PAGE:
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Archive for July, 2012

Romans 12:15 (1–15) “Rejoice with those who rejoice, and weep with those who weep.

The next gift Paul mentions the Holy Spirit giving us is the gift of mercy (12:8), and the advice for that gift is found in verse 12:15.

In technical terms I have defined mercy as God holding back what we deserve and grace as giving us what we don’t deserve, but in practical, day-to-day terms the word mercy involves both ideas. Yet, it is extremely hard to show mercy, of any kind, to some people.

This is why Paul urges us to show mercy with cheerfulness (meaning whether we like it or not). For the one with that gift it is much easier than for the rest of us. But, mercy is not just about what we deserve, it is about we need. All of us need not to be alone no matter if we are or are not the cause of our situation. As believers we need to be there, for each other, whether we feel like it or not.

But, it has been noted that those with the gift of mercy can begin to identify with the person they are comforting too closely and take up their cause. It is then that they forget their mandate, 12:15. Then they rejoice for few and weep for only that one.

Virtue involves allowing the Holy Spirit to remake us in the character of Christ.

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Romans 12:14 (1–15) “Bless those who persecute you. Bless and do not curse.

The next gift Paul mentions the Holy Spirit giving us is the gift of leading (12:8), and the advice for that gift is found in verse 12:14.

Leading is what most of us would rather not do, but end up doing in one-way or another. As parents we automatically become leaders and as Paul says, we need to be “diligent” in that job as leaders, 12:8. We don’t always realize that as parents our children are looking at us as an example of how they should be. So, we need to be conscious of it 24/7.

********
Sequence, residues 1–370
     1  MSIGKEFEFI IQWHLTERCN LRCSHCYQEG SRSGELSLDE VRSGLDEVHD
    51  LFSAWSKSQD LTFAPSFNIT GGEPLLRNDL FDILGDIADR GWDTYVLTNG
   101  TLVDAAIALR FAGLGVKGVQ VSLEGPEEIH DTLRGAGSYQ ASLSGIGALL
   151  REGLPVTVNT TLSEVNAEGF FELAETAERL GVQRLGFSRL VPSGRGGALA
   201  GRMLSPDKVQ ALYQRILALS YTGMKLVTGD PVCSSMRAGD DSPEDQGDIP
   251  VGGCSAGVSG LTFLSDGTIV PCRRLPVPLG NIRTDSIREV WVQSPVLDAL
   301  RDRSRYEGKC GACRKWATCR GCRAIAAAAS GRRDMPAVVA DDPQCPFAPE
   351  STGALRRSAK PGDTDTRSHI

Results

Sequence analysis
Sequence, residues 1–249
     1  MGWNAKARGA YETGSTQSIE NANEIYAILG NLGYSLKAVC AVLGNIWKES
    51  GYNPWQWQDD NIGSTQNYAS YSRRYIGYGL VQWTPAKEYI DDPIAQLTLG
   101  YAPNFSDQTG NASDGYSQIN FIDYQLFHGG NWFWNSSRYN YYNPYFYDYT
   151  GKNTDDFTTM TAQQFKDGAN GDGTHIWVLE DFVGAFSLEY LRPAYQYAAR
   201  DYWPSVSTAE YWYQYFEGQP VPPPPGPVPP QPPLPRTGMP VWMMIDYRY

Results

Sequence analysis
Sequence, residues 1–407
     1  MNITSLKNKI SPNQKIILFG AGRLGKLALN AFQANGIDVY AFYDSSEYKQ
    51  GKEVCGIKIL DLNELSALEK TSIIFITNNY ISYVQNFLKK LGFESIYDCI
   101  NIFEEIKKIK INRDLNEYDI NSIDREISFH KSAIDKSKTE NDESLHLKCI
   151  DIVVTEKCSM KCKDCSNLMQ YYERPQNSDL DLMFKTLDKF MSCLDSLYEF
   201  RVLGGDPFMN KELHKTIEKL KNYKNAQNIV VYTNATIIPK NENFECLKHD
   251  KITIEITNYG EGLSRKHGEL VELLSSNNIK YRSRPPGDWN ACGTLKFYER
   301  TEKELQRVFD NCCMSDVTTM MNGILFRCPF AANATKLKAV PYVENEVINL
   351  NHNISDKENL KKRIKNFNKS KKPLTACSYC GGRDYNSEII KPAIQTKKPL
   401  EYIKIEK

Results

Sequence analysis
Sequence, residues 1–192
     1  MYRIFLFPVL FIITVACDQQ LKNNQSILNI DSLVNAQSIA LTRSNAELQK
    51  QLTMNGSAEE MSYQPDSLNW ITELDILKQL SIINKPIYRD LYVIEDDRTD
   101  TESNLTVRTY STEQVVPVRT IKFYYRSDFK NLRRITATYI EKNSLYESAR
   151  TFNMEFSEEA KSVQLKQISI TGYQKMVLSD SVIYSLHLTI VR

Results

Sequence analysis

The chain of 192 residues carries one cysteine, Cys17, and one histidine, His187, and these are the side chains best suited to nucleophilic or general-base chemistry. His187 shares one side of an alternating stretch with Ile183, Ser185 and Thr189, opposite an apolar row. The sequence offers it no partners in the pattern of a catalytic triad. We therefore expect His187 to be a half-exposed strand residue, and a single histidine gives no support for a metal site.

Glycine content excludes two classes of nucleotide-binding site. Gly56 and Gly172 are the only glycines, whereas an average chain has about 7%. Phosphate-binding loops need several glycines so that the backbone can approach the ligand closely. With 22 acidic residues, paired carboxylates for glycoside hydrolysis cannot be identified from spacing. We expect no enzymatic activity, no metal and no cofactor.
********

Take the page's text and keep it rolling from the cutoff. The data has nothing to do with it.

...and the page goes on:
As leaders you are in front and everything you do is open to criticism and will be criticized. The pressure may sometimes be overwhelming, but you need to remember that no one likes change, even when they are in favor of it.

So, expect not to be liked much by most and that you will likely not be appreciated until well after the project is done (Moses and Nehemiah are great examples). It is too easy for a leader to rest on the success of a phase of a project and forget the rest of the work. In that sense persecution only helps remind you, you’re not done yet.

Virtue involves allowing the Holy Spirit to remake us in the character of Christ.

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Romans 12:13 (1–15) “contributing to the needs of the saints, practicing hospitality.

The next gift Paul mentions the Holy Spirit giving us is the gift of giving (12:8), and the advice for that gift is found in verse 12:13.